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Preemptive Universal Copyright. Planning a trip to a park or garden? You may want to check with the curators or owners first. Your neighbor or local city park may not care if you’re taking photos of plant life and submitting it to a competition or using it commercially. However, more enterprising gardeners, landscapers, and facilities may claim the intellectual property rights and copyright to plants they watch over. This is similar to Monsanto claiming they own the corn in your field if it has their GMO signature on it.
Purpose. One may wonder why such aggressive, possessive, and opportunistic policies would be in place. Here are a few reasons:
- Revenue. Capture all revenue of photos and ensure nobody is out there benefitting from the images either through sale or indirectly.
- Image. Control the perception of the gardens’ image to ensure that all photos of the garden are of the highest quality.
- Brand. Control the branding of all media including logos and fonts to be included with images.
- Value. Limit public viewing to just a few images to ensure people will come to the garden and pay a fee to physically see the plant life. This helps retain the value of the physical on-site experience.
- Contract. The contract with a hired photographer may promise their exclusive rights to take and display photos. A photographer known as the ‘official photographer’ of a certain museum or destination won’t want someone else out there sharing pictures that could be confused with their own work.
Gardens. The Denver Botanic Gardens is an example of a garden where images of the plant life are strictly controlled. Here is their policy:
“Photographs are a wonderful way to remember your visit to Denver Botanic Gardens. We encourage visitors to take casual photographs or shoot videos for their personal use. Personal photographs and videos are not to be used for commercial purposes. You may post your photo on our Facebook page – “Like” our page and share your photos with us!” [source]
Venues as Backdrops. It’s also common for images of venues, spaces, streets, and architecture to be strictly controlled. Here is the policy for York Street:
The photography session guidelines outlined below are intended for all guests, but a permit is necessary for those who wish to use the Gardens setting as the background for portraits or other posed photography. Denver Botanic Gardens considers a posed session to include wedding, engagement, family, graduation, prom photos, as well as senior photos or those for a modeling portfolio. It also includes any photographs for commercial use, such as fashion, advertisement and promotion, even if the photographer is not a professional. We appreciate your cooperation. … Visitors and members are permitted to take photographs and shoot videos for private, non-commercial use, except in specific exhibits or areas where photography may not be permitted. … We ask that all photographers honor these policies when using Denver Botanic Gardens as a backdrop for any photography or filming.” [source]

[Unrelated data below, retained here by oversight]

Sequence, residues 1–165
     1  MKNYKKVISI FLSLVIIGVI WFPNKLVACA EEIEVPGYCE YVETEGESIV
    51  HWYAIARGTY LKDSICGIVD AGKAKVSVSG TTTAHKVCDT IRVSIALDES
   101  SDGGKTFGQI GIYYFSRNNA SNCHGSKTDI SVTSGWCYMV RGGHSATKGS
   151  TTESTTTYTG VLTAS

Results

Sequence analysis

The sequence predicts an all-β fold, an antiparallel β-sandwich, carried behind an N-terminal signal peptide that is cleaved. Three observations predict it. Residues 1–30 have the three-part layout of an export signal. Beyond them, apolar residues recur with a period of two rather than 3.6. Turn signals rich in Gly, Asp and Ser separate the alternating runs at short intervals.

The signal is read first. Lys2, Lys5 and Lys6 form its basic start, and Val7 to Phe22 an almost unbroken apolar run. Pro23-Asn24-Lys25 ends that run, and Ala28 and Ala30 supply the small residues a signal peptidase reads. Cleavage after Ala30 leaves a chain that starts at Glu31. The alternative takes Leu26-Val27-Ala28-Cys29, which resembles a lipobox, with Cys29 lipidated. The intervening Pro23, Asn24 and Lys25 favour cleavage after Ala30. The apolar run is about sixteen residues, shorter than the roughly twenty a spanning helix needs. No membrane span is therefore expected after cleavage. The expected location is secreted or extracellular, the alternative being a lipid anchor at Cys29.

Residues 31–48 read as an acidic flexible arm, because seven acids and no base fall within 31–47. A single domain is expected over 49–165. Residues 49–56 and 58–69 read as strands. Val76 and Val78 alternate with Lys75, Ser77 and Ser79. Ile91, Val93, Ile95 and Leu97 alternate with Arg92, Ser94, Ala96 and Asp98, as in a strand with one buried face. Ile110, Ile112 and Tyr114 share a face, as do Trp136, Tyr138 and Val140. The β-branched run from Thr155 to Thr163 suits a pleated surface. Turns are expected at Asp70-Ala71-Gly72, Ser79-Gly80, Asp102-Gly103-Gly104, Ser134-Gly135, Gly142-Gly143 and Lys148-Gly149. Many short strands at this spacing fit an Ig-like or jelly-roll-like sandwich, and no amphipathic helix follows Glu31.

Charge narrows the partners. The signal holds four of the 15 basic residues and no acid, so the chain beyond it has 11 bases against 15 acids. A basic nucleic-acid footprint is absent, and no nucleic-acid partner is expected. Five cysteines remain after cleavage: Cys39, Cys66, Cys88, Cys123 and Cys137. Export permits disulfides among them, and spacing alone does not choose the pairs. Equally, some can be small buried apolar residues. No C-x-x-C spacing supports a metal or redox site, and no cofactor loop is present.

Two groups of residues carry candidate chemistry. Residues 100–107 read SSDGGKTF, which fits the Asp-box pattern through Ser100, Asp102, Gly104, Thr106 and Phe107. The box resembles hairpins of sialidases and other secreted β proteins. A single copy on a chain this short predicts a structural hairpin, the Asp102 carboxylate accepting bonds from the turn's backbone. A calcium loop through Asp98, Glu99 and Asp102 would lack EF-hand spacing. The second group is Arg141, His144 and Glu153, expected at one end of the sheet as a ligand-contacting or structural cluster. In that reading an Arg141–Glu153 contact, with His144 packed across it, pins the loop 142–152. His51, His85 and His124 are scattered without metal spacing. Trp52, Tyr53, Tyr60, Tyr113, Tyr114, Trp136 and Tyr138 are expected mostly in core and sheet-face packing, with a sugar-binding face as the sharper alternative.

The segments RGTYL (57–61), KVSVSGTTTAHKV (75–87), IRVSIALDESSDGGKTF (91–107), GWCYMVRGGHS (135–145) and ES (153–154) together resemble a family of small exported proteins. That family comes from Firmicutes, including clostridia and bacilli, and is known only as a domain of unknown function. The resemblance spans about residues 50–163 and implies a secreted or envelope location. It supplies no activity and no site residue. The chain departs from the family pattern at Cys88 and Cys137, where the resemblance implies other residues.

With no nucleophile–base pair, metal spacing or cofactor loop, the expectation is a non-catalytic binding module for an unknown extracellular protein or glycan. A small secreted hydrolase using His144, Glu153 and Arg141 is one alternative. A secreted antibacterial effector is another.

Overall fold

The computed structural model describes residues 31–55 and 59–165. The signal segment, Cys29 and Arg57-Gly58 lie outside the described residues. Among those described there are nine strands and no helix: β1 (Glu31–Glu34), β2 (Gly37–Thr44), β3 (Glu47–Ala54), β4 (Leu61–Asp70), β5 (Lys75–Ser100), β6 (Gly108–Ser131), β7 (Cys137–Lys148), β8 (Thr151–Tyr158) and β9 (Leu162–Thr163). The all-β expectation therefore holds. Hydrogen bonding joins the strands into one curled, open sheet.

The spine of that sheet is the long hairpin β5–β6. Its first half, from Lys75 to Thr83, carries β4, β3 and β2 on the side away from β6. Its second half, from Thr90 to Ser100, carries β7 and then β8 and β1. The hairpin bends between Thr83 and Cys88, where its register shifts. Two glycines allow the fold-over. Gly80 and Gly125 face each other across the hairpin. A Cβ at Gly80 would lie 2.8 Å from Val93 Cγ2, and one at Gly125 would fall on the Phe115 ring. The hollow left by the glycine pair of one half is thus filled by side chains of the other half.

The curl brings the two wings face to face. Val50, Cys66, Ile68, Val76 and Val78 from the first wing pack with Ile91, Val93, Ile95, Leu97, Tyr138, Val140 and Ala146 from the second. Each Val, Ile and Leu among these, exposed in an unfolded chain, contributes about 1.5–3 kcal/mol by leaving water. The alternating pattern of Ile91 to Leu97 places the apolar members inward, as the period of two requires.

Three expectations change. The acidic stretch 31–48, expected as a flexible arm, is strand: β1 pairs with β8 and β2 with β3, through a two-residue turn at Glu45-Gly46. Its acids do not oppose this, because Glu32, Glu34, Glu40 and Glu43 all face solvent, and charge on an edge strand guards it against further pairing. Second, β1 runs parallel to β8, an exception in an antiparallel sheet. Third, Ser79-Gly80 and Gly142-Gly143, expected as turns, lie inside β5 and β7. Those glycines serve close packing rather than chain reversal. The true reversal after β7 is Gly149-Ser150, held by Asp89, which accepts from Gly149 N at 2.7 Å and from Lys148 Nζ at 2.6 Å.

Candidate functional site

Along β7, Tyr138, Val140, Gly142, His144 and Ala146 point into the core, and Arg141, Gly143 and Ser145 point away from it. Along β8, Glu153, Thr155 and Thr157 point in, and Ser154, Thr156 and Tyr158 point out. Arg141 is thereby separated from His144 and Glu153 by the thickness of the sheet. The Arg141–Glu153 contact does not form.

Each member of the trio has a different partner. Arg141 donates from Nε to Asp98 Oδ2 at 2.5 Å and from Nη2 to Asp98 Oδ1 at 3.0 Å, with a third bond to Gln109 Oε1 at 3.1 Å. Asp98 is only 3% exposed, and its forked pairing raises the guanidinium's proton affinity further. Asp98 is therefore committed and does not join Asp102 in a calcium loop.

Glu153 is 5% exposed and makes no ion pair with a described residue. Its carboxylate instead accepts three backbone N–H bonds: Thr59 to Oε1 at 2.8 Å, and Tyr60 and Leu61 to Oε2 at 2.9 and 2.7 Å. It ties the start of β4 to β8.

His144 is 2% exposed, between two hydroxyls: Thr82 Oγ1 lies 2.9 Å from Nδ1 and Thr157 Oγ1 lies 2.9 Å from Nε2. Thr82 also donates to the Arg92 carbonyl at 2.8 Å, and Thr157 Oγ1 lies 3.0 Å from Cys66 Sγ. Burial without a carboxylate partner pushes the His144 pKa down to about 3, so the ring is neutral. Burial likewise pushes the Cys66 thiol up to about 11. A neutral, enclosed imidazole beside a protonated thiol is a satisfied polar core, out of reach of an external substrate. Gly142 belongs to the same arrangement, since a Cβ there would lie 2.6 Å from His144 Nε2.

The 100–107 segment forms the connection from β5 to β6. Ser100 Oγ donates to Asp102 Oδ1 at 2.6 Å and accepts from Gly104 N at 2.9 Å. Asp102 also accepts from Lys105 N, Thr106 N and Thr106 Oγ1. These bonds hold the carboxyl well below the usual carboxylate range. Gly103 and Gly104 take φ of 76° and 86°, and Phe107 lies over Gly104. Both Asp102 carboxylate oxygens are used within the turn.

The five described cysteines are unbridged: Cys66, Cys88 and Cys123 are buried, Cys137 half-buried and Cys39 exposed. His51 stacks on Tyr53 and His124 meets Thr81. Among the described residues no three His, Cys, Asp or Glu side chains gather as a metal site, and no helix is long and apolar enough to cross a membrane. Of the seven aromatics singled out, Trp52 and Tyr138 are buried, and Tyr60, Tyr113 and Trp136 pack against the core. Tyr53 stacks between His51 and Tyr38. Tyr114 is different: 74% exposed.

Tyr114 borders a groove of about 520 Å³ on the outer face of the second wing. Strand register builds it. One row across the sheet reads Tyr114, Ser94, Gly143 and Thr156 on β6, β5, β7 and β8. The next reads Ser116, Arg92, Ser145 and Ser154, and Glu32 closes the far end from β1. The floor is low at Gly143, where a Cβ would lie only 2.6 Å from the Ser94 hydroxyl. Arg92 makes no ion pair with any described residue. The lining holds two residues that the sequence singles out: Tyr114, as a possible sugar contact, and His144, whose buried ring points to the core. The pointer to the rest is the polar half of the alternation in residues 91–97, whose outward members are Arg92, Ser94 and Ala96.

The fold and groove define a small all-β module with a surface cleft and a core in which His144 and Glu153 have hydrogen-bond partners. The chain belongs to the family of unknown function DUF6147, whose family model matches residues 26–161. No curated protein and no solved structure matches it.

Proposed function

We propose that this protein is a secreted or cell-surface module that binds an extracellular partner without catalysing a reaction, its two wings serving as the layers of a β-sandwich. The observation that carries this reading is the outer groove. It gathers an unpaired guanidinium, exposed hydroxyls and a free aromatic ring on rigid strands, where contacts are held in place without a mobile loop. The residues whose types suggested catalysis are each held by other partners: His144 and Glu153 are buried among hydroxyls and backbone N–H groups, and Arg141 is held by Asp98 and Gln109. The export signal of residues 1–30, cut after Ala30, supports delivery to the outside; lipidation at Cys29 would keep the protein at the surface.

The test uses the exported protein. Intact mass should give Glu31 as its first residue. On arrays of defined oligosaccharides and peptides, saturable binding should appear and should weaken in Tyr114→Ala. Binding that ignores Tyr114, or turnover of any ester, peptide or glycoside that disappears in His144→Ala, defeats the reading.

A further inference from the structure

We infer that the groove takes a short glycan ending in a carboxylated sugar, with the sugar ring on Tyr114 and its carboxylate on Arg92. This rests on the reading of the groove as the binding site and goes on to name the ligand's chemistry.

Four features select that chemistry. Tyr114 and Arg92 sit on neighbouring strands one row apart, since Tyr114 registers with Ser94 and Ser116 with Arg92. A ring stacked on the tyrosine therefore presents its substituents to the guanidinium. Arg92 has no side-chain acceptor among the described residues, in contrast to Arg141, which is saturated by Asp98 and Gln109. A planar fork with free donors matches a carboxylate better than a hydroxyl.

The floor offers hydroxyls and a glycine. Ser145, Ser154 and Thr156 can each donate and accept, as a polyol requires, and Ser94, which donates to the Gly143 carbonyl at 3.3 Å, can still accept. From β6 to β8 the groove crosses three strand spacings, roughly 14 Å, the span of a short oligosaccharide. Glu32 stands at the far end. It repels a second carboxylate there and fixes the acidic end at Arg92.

Future Considerations. It’s common for personal non-professional photos to later be used in a professional capacity. For example, let’s say a couple gets their engagement photo taken at a location. It’s a private personal photo. Later, in a documentary (video, print, or online) the photo is used as part of a montage. That photo is now being used illegally. Or, something as simple as including such a photo in a YouTube video may be a violation of policies of any monetization is connected to it.
Photo Credit. The photo at the top of this page is from a Wikipedia article about the Denver Botanic Gardens. The photographer claims they have rights to use the photo in this way. However, because it’s not being used privately, but instead being used publicly and online where it can be widely viewed, this could likely represent a violation of the Denver Botanic Gardens’ policy on photography usage. The derivative work used here includes the caption of Denver Botanic Gardens. It’s possible the garden curators may prefer that the garden be credited whenever pictures are displayed.
Today I learned of Eastern Iowa Photographer Valerie Duvick of Muscatine, Iowa.
Upon following up, I discovered we have yet another amazing photographer in our area!
Her photography is very good, and worthy of actual study for those interested in learning more photography techniques. So, I’m adding her websites to my list of online learning and reference resources.
Rather than write more, I’ll let her websites and photography say what words cannot.
Someone named Valerie Duvick posted a note to the ResourcesForLife.com Facebook page today thanking me for letting them know about the upcoming (in two days) Caffeinated Camera event at Fairgrounds Coffee House.
She has reposted the announcement on her website.
“How nice,” I thought to myself… then I realized… the event I’d posted an announcement about was a year ago. Apparently the promotional materials for the event (that I’d copied and pasted to my site) didn’t indicate the year which for this event was 25 February 2011.
Now that word is quickly spreading about this year’s event, I’m feeling like it might be worth having again. I’m going to see if Bruce Thayer is up for having a second annual Caffeinated Camera event at Fair Grounds. Or, maybe some local photographers would be interested in just gathering to meet, chat, and share ideas. We’ll see what materializes.
Check back here for more details.
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Picasa recently expanded their service with enhancements that provide Google+ social network integration. This makes it easier for Google account holders to follow your photo stream. Click the page below to view the new site.